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Invisible RFID Ink Safe For Cattle And People, Company Says
A startup company developing chipless RFID ink has tested its product on cattle and laboratory rats.
Somark Innovations announced this week that it successfully tested biocompatible RFID ink, which can be read through animal hairs.
"This proves the ability to create a synthetic biometric or fake fingerprint with biocompatible, chipless RFID ink and read it through hair," he said.
Pydynowski said it takes five to 10 seconds to "stamp or tattoo" an animal, and there is no need to remove the fur. The ink remains in the dermal layer, and a reader can detect it from 4 feet away.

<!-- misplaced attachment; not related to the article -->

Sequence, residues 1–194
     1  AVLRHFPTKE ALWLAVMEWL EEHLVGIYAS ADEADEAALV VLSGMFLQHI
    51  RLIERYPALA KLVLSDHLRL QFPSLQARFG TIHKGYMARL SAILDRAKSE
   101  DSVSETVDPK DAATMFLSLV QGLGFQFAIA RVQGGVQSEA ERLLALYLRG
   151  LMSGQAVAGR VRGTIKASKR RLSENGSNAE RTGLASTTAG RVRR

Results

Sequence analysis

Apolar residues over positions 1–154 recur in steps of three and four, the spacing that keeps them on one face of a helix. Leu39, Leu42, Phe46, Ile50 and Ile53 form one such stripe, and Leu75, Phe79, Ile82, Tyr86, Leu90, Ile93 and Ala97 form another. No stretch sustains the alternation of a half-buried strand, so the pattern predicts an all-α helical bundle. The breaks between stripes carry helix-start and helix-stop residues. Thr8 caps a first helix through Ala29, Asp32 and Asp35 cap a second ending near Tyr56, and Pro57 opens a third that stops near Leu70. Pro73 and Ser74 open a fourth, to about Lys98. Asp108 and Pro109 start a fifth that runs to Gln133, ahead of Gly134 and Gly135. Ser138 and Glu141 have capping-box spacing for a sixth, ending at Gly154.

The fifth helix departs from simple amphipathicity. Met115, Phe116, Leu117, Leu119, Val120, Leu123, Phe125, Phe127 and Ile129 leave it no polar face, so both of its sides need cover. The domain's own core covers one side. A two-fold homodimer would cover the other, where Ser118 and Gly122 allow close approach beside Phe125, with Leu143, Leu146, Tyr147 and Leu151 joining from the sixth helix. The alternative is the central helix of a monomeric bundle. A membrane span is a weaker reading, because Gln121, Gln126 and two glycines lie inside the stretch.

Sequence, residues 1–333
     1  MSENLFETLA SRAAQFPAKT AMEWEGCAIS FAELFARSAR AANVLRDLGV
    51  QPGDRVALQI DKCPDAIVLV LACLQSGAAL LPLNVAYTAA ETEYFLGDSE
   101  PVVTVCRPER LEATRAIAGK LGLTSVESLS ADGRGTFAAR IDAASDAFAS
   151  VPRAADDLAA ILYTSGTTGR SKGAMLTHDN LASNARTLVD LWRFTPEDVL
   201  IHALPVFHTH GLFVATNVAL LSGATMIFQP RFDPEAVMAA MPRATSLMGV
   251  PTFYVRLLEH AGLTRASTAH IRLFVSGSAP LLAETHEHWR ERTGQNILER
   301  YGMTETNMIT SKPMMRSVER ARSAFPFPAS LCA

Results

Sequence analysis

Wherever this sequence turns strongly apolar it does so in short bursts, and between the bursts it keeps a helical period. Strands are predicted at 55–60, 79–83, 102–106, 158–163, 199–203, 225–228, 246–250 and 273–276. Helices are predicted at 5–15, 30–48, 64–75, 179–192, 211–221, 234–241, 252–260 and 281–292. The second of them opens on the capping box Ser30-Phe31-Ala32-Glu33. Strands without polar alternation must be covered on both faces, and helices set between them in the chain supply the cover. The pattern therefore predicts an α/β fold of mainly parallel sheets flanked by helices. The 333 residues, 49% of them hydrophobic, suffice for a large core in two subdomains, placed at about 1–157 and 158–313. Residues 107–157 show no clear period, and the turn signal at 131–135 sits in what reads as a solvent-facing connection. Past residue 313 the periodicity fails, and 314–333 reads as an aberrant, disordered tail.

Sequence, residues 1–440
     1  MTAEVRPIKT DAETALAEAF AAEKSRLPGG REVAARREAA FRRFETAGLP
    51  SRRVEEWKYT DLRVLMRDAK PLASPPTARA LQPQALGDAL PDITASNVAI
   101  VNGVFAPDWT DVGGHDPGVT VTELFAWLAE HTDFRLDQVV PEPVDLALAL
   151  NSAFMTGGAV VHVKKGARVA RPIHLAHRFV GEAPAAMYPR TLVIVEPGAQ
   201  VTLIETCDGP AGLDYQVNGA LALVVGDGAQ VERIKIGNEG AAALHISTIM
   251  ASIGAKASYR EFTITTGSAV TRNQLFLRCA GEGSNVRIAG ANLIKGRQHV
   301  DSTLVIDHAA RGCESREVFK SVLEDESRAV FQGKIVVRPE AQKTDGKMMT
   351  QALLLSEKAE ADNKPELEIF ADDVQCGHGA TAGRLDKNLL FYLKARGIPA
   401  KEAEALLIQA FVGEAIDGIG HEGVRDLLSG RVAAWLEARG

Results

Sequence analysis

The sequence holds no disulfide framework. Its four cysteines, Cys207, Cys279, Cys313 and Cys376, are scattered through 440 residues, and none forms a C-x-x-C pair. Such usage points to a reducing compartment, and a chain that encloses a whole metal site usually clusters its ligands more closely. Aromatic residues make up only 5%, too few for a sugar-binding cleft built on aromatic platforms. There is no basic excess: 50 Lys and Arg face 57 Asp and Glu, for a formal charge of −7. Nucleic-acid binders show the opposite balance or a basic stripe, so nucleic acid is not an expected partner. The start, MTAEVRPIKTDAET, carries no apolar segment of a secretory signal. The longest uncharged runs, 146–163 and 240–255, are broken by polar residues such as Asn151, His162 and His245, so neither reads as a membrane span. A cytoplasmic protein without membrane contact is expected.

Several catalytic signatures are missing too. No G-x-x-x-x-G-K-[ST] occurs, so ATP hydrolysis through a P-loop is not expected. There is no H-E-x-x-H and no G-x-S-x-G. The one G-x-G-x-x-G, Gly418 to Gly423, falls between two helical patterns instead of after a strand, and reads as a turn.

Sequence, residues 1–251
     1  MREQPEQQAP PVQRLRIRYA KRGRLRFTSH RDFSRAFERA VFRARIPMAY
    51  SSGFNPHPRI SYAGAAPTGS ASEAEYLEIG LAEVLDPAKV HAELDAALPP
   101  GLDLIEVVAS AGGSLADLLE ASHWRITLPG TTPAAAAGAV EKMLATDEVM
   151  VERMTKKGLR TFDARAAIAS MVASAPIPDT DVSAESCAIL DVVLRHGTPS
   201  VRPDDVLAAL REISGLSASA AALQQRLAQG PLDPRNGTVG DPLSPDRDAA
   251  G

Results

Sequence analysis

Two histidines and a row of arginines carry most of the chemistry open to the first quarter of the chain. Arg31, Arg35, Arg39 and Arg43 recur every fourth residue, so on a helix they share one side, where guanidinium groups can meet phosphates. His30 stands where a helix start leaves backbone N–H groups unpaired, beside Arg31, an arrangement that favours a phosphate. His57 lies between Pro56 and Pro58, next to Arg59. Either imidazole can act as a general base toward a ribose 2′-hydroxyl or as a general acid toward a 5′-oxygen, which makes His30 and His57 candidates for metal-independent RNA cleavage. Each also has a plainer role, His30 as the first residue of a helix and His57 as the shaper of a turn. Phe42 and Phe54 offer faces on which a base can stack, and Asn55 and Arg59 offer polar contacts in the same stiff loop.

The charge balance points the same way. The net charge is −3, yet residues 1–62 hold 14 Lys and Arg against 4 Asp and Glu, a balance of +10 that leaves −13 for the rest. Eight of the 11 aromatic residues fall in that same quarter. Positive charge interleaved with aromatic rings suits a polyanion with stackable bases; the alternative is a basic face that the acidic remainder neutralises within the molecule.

The amount of information contained in the ink depends on the surface area available, he said. The U.S. Department of Agriculture calls for a 15-digit number to track cattle. The first three digits are "840" for the U.S. country code. The remaining digits are unique identifiers. The numbers would link to a database containing more information.
The ink also could be used to track and rescue soldiers, Pydynowski said.
"It could help identify friends or foes, prevent friendly fire, and help save soldiers' lives," he said. "It's a very scary proposition when you're dealing with humans, but with military personnel, we're talking about saving soldiers' lives and it may be something worthwhile."